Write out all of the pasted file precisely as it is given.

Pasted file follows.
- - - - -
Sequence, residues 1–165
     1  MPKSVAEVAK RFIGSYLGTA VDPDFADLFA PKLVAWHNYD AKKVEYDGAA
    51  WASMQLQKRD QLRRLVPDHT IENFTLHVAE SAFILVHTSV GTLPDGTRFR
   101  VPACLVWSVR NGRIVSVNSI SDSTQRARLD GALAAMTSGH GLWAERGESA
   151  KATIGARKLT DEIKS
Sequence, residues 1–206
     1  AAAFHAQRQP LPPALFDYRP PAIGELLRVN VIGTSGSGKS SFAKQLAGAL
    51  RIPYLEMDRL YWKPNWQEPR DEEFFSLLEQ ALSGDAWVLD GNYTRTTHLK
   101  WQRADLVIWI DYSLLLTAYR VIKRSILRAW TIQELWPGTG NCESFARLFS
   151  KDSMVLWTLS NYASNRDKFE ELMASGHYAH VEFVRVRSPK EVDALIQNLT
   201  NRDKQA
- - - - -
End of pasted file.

Sequence, residues 1–165
     1  MPKSVAEVAK RFIGSYLGTA VDPDFADLFA PKLVAWHNYD AKKVEYDGAA
    51  WASMQLQKRD QLRRLVPDHT IENFTLHVAE SAFILVHTSV GTLPDGTRFR
   101  VPACLVWSVR NGRIVSVNSI SDSTQRARLD GALAAMTSGH GLWAERGESA
   151  KATIGARKLT DEIKS
Sequence, residues 1–206
     1  AAAFHAQRQP LPPALFDYRP PAIGELLRVN VIGTSGSGKS SFAKQLAGAL
    51  RIPYLEMDRL YWKPNWQEPR DEEFFSLLEQ ALSGDAWVLD GNYTRTTHLK
   101  WQRADLVIWI DYSLLLTAYR VIKRSILRAW TIQELWPGTG NCESFARLFS
   151  KDSMVLWTLS NYASNRDKFE ELMASGHYAH VEFVRVRSPK EVDALIQNLT
   201  NRDKQA